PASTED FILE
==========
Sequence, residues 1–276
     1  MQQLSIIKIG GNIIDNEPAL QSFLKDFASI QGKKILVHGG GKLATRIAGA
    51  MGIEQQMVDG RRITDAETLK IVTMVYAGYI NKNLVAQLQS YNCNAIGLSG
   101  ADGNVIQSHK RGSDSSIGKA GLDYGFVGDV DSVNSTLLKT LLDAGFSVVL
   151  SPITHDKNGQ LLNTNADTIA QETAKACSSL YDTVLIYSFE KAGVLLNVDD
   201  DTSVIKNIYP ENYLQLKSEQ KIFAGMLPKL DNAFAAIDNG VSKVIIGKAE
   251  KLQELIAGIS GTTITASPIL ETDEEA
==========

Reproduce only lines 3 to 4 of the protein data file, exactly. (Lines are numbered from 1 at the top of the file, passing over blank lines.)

    51  MGIEQQMVDG RRITDAETLK IVTMVYAGYI NKNLVAQLQS YNCNAIGLSG
   101  ADGNVIQSHK RGSDSSIGKA GLDYGFVGDV DSVNSTLLKT LLDAGFSVVL